High Quality Outcomes

Timeismoney (2)

High Quality Workable Concepts 

High Quality is defined as meeting the customer requirement, in the case of dependent events it is meeting the requirement of the next step often defined as the internal requirement.  These definitions work because they can be understood by the supplier, employee and the customer.  These definitions are hard to execute and challenge leadership in areas of walking the talk and telling the truth with the customer being at the top of the order.  

Don’t be mistaken, if the customer cannot understand the quality being defined; the quality system is full of hot air, misdirection and quackery. Our at risk children deserve better than QRIS, CLASS, UNIVERSAL PRE-K, HEAD START, and OTHERS that imply best practice outcomes.  

OMG – the arc of a kid’s life is at stake.

Our most at risk children need systems of high quality.  The innovation from the above inside the definition below is possible, and is no choice.  Doing first things first is a challenge for leadership.  There is no choice but to walk the talk and tell the truth with the OMG being at the top of the order.  The innovation is overdue. 

1.  The definition of quality is conformance to requirements

2.  The system of quality is prevention

3.  The performance standard is zero defects

4.  The measurement of quality is the cost or price of non-conformance  



Link      Dear K-12 Administrator and Leader

Link      First Things First Right the First Time to Believe Quality is Free



We need to have a positive simple understanding by teacher and parent

to stop misdirection and quackery about quality.  

Link  A Critical Chain  and   Link  The Goal

The Theory of Constraints by Eliyahu M. Goldratt, 1990, available from Amazon, is the

logic being used in the stories told within these two books.  It is simple logic.  

The goal is more throughput, less in process risk and less total cost

of the whole system based on cost and total units.


The focusing process (page 75) is in generic words

  1. Identify the important system’s constraints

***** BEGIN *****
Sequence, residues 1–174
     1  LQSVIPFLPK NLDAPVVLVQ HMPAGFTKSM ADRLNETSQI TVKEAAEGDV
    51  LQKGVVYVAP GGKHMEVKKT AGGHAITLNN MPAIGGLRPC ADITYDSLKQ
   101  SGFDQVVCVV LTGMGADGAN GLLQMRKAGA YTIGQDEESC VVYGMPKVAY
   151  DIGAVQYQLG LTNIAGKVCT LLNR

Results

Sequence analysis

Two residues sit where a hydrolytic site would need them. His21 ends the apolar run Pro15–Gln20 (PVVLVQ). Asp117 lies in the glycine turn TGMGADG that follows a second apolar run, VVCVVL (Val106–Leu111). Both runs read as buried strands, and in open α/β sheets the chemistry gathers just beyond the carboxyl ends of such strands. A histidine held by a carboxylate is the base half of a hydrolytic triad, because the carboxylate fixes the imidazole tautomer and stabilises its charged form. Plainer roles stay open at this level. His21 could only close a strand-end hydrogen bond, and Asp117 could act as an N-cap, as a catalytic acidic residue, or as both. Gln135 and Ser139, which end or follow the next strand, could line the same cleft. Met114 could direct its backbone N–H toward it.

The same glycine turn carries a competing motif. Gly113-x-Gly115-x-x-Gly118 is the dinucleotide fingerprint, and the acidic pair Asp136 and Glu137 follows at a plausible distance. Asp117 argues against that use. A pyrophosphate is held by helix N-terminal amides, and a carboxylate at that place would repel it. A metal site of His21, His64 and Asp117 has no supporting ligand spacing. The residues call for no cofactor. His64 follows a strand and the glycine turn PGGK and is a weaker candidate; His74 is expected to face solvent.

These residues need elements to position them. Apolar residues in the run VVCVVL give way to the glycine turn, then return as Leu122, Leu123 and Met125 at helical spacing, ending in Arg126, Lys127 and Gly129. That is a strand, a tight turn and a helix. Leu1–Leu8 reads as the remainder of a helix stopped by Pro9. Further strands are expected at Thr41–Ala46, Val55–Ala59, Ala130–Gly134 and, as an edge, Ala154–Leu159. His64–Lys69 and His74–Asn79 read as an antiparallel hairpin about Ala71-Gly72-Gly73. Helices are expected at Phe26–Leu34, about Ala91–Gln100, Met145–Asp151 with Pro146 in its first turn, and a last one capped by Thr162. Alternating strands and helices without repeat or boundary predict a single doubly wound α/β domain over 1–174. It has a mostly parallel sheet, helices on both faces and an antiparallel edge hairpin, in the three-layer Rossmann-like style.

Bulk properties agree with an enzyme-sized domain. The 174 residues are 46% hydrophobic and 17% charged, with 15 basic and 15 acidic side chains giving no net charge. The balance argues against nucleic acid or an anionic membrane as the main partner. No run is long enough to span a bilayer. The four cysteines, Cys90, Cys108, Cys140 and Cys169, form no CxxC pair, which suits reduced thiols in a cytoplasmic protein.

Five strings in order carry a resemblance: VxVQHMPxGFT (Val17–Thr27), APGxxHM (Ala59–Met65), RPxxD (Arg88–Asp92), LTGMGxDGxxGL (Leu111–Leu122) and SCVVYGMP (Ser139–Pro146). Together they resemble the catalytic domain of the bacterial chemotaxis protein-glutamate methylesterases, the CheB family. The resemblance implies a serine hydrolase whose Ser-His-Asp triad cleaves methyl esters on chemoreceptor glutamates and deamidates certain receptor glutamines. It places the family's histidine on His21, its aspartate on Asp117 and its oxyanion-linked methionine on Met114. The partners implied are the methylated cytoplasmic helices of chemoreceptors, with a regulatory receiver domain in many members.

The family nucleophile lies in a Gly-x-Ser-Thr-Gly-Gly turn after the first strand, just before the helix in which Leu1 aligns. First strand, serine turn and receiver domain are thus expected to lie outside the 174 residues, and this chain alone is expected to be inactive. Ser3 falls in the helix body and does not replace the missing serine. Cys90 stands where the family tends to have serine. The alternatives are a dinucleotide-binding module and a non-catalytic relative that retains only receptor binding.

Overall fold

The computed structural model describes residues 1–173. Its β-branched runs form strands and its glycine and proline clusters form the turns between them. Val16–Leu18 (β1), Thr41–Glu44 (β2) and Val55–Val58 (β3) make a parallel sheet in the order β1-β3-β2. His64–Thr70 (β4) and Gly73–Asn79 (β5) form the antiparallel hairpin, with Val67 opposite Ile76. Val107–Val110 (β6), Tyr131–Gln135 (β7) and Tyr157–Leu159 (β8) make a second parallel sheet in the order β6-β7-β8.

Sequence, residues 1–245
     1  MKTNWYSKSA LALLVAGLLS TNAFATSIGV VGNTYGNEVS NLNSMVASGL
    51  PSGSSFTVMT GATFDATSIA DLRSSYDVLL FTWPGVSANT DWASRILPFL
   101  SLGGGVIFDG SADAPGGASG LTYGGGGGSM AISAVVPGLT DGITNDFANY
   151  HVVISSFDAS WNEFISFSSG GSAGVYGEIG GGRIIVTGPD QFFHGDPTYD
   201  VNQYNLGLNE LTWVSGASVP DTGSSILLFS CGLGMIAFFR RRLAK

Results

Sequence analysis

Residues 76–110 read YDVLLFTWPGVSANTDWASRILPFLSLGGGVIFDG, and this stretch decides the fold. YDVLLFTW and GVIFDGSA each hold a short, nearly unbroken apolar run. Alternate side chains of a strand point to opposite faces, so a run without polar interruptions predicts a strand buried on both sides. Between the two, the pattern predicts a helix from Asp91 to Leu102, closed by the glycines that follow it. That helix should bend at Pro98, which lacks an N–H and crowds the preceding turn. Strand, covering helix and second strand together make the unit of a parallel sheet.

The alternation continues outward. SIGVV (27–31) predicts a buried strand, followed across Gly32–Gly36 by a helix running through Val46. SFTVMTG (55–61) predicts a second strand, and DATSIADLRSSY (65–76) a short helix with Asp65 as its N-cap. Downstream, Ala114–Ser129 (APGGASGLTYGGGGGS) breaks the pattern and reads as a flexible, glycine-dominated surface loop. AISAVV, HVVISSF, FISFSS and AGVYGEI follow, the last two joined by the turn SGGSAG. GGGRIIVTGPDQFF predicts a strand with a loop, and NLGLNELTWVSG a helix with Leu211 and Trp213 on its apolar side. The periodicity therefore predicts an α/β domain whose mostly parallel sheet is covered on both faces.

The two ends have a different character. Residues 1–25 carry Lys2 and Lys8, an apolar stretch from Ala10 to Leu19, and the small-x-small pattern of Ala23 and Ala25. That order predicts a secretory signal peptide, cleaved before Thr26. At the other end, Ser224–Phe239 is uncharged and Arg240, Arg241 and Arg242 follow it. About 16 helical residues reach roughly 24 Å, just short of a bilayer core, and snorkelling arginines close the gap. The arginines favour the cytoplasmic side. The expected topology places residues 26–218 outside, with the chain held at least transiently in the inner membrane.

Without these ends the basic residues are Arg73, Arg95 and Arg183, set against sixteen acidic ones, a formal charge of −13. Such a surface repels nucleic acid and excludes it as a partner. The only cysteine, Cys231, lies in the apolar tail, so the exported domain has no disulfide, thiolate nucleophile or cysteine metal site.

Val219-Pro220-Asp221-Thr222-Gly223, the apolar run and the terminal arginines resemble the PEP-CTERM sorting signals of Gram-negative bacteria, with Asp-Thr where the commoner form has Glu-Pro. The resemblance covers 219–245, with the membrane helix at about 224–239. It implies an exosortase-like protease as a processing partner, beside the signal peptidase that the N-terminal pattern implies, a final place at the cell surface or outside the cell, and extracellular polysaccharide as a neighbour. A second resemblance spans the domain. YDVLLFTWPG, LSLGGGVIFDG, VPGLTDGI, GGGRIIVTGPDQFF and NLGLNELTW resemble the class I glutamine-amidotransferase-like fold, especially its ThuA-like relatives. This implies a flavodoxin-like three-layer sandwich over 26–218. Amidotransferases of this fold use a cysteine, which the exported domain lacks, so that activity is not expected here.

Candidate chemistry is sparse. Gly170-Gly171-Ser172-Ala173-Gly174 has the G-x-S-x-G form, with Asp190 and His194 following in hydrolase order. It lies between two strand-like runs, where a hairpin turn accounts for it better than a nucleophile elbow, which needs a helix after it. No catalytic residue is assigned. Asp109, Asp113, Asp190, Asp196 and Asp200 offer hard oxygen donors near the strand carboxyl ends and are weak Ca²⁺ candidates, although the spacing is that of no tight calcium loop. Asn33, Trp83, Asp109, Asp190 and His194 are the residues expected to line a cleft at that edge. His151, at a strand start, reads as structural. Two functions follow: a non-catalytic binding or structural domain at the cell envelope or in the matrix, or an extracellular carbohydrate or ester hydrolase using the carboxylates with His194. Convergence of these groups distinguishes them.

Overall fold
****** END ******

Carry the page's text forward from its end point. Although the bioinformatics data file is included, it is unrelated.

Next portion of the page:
2. Decide how to exploit the constraints
  3. Subordinate everything to the above decision
  4. Elevate the system’s constraints
  5. Do it again once the system constraint is broken, and do not stop.  
The focusing process (page 76) is in generic system improvement words
  1. What to change?
  2. Pinpoint first things first.  
  3. Effect – cause – effect thinking method
What to change to?
  1. Construct only simple, practical solutions dealing with exceptions as they are seen
  2. Evaporating clouds method
How to cause the change?
  1. Induce the appropriate people to invent such solutions
  2. Socratic method

It is not politically correct to speak so generically about education quality. So the the following discussion of pre-k quality is offered as it calls for outcomes.  Outcomes is on the political right side of a discussion of quality but measuring outcomes in public sector programs will be critical to closing the gap for our at risk urban children.  These are examples to indicate the solution is not ours.  The value of the solutions for our public sector programs are extreme.

It is mostly defined by this work. Reroute the Preschool Juggernaut, by Chester E. Finn Jr.  AND, The Absorbent Mind by Maria Montessori  AND, Montessori Read and Write, A parent’s guide to literacy for children by Lynne Lawrence  Any local effort could form around the above expertise and off the shelf first things first continuous improvement principles given extra money to solve constraints to create the extra good, better or best outcomes.  We make the claim that extra best outcomes would be worth at least extra present value of $500,000 in extra NGDP over the life of the child at age 6.  Present value lost per year on 2,000,000 children is staggering.  Our nation staggers year after year.